Finally! No treatment! One loss!
I have had a long journey to achieve treatment-free bees. I’m obviously thinking of the varroa mite.
In 1989, breeding material was retrieved in Kenya:
It took until 2007 before the varroa mite was discovered in my apiary. I had selected for varroa resistance with the help of beekeepers who had the mite in their hives. Now I could select myself.
I had also prepared for the arrival of the mite by taking down my bees to small cell size. Was it good?:
I live in a quite densely populated area (concerning bees for being Sweden) and I had many bee colonies in my apiaries. By the spring of 2009, 50% of my bee colonies had died. I decided to treat against varroa with home-made thymol pads:
My breeding developed as I gained more experience. There are many factors to consider:
In principle, the selection can be simplified to be summarized in two traits:
The focus was on reducing the number of colonies of the entire population that needed treatment each year. I had chosen home made thymol pads as it seemed to be a method where it was possible to reduce the use in a simple way. Experience has confirmed this hypothesis. Over several years, the use decreased on average, but the curve went up and down a bit from year to year.
The number of crippled winged bees (deformed wing virus-bees; DWV-bees) did not increase from week to week as they began to appear in front of the entrance on the hard board 0.5 x 0.5 meter that was placed there there. The DWV-bees occurred mainly during the latter part of the season, but when the resistance increased in the bee colonies, the number of wingless bees could be the same few in numbers for a few weeks and then disappear.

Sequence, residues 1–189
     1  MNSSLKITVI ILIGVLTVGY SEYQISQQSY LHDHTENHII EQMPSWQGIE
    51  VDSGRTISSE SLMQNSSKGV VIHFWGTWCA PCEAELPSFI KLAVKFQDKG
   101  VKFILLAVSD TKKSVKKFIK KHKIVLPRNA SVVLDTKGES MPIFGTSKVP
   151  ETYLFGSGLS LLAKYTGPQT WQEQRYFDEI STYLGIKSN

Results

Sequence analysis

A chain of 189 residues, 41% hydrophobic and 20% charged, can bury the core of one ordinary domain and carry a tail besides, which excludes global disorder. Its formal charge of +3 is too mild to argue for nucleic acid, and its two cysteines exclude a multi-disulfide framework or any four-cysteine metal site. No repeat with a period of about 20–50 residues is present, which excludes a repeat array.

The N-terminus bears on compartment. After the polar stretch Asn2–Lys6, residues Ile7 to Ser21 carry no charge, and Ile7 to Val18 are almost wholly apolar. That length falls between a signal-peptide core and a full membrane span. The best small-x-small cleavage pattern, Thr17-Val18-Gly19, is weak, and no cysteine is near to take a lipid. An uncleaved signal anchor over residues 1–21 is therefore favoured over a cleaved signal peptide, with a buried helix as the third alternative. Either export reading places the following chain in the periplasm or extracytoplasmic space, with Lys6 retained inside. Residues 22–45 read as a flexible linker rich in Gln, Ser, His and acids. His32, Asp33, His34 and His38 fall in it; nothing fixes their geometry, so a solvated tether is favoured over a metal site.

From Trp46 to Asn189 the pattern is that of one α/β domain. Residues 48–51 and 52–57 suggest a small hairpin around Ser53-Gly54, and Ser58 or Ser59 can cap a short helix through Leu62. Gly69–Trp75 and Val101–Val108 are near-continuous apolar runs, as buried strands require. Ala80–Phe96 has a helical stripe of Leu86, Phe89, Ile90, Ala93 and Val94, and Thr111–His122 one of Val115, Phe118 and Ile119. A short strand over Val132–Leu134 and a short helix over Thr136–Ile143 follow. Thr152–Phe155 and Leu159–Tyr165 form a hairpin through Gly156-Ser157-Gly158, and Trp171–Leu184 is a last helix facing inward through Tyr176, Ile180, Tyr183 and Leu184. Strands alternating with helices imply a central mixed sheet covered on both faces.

In the 2020 and 2021 seasons, the most inferior 7 and 4 colonies, respectively, were moved to apiaries far from other bees (no reinvasio risk of mites to and from). The strange thing happened that in 2020, only three colonies out of the 7 were judged to need only a little treatment. In 2021, none of the moved bees were treated.
The area in Hallsberg with only Elgon bees of about 10 x 15 km has 350 Elgon colonies. In total, in 2021 a few percent of these 350 colonies were treated. None of my 90 colonies were treated!
For several years, the annual losses of bee colonies here have been below 10%.
This year, the losses among my untreated bees is 0% in March! It has not happened in many years, long before the varroa arrived!
One group of bee colonies was last treated in 2015. These different groups of bees have not differed how well tey have wintered. Many of colonies were wintered on 4 boxes 12-frame shallow. Many bee colonies are full of bees now in middle of March.
An important factor is a good amount of food for the winter, at least 15 kg of honey, plus 10 kg of sugar in solution. Then the bees will always find food during the winter. The bees will dare to breed strongly as soon as the weather and the season stimulate them to do so. Thus they will be strong and ready to collect a good crop when the first big nectar flow for the season comes.